An impressive collection about relationships in a turbulent Iran that offers powerful insights.
In this debut chronicle, an abstract painter offers a vivid look into a working studio and the development of his own artistic vision.
To many nonartists, abstract art may seem to be the most inaccessible of all forms, as it often lacks familiar images to cling to. To Rutenberg, however, abstraction represents a way of bringing the world up-close, so that one not only sees, but feels its integral parts. “Art happens,” Rutenberg states, “when the intellectual and the visceral collide so violently that they fuse into a third thing.” His love of art is palpable in this book, which serves as a companion piece to his YouTube series, “Brian Rutenberg Studio Visits.” He only sparsely describes the events of his own life, but he lavishly and lovingly dissects his growth as an artist, from his childhood compositions, created out of marsh mud and colored paper on hot summer days on the South Carolina coast, to later canvases that he stabbed with an ice pick in his loft studio in Manhattan. Alongside this deeply personal story, Rutenberg also offers a down-to-earth course on the transcendent power of art, presenting a wide range of examples, including works by Pablo Picasso and pianist Glenn Gould. The text is peppered with memorable passages, such as “All artists live in the gap between what they imagine and produce,” “When the effortless appears difficult, it’s entertainment. When the difficult appears effortless, it’s art,” and “An artist’s job is to monkey with stuff. We don’t seek solutions but problems. We play because we can.” Rutenberg’s love of his work is infectious, and his analyses of artistic issues are engaging and appealing, never indulging in the elitism that some may associate with the world of fine art. His delight in his chosen craft also counters the myth of the tortured artist, although a slightly less rosy perspective and a few more details about life’s challenges might have added a welcome touch of realism. All in all, however, it’s an exhilarating treatise on how to really “see” the world.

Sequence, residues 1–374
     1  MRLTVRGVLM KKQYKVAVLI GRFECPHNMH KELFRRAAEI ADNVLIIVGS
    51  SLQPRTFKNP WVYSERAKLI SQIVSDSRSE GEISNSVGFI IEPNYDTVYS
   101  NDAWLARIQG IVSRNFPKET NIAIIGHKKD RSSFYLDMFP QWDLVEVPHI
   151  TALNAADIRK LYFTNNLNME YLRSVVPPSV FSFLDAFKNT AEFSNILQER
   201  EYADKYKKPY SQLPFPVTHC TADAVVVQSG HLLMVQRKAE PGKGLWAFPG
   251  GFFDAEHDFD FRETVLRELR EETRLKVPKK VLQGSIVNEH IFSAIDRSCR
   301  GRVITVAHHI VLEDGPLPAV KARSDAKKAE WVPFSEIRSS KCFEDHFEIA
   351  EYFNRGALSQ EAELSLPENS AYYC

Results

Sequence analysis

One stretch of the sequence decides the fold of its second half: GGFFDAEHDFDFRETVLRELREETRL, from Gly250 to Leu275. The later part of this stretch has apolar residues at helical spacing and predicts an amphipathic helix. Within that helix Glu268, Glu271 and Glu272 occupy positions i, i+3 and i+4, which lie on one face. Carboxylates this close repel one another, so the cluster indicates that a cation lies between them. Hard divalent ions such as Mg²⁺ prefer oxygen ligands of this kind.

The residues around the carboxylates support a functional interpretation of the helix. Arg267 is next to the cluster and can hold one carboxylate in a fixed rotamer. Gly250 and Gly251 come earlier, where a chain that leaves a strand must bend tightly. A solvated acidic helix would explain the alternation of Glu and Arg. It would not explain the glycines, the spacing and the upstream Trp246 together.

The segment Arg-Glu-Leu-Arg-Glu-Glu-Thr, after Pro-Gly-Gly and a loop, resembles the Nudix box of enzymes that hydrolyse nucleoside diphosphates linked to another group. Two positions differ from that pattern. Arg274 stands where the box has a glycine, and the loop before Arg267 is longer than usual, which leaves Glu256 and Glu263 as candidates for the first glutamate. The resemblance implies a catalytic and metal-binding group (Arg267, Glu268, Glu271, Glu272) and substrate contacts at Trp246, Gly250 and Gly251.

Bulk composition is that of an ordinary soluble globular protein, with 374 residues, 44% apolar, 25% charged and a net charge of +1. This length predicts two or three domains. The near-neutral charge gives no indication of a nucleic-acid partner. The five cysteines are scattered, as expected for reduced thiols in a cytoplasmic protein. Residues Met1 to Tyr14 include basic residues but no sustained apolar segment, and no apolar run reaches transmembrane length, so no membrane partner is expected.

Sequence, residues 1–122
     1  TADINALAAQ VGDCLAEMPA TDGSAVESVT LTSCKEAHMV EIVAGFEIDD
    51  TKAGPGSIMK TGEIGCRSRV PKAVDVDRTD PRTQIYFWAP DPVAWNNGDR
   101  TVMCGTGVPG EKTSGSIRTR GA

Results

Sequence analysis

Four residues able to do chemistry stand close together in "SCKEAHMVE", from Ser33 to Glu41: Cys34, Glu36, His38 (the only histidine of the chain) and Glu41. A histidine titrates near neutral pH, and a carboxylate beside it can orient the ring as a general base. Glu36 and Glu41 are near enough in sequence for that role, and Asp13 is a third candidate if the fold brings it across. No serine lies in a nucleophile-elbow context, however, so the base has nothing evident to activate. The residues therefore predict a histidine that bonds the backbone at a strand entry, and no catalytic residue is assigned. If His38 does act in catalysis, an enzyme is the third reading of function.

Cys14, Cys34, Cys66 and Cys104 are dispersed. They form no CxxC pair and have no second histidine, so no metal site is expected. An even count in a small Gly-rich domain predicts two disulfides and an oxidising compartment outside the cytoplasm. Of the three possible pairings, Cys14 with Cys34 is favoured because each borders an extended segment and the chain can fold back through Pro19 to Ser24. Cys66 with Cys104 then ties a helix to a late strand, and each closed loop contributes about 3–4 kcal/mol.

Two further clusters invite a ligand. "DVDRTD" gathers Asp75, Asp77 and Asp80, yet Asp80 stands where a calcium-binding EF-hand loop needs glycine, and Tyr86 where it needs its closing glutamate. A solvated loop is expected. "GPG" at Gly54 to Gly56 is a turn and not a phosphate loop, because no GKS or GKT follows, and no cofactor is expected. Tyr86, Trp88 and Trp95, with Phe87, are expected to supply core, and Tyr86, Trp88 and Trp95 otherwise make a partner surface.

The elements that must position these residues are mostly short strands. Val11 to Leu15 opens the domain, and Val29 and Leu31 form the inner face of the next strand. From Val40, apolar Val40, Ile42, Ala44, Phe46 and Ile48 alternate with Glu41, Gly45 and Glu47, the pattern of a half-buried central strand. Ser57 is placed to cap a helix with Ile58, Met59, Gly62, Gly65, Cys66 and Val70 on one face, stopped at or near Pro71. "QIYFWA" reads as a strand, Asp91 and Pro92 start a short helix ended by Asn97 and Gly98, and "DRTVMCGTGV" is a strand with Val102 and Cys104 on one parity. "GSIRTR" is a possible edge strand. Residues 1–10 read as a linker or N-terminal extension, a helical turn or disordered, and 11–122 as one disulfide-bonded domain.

An original and stimulating memoir that takes readers into the mind and heart of an artist.
Shakespeare’s words reach a new—very young—audience in this gorgeously illustrated board book offering a new story by debut adapter Parekh and veteran illustrator Amini (Chicken in the Kitchen, 2015, etc.) of fairies and animals to accompany lines from AMidsummer Night’s Dream.
Beginning with familiar visuals for young lap readers, the book opens with a roaring lion and a howling wolf. The animals, along with some fairy friends, free a tired donkey from his yoke while a ploughman sleeps. Joined by a mouse, a screech owl, and a growing population of fairies, the group hikes to the ruins of an old church, finding the three-faced Hecate, whose cloak contains the night. With the fervor of Maurice Sendak’s Wild Things on their rumpus, the characters frolic before they hush, assuring listeners if this has seemed too strange, it is “but a dream.” Soon, all the animals and their fairy friends drowse off as well, making for a lulling bedtime tale. Shakespeare’s lines are sure to challenge young independent readers, but for the youngest listeners, whose minds hear sounds and rhythms as much as the words they’re still learning to decode, the patterns here are as lovely on the ear as they are when spoken by Puck at the end of the famous play. Amini’s textured illustrations of the fearsome wolf and lion might intimidate youngsters if not for the playful fairies on every page, smiling, with wings blurred so that they actually appear to be moving out of the corner of a viewer’s eye. Hecate’s black-and-white, almost transparent form contrasts with the luxuriously rendered creatures, such as the brightly pigmented snake and fairies, some of whom have a three-dimensional appearance in their dress, like petals or scales. Parents who love Shakespeare will find this a perfect introduction to the works of the Bard—it’s at once sophisticated and approachable, with a whimsy that youngsters will enjoy.
Originally funded by a Kickstarter, this reinvention of Shakespeare’s verse into a new format is sure to be a hit with parents and their littlest listeners, too.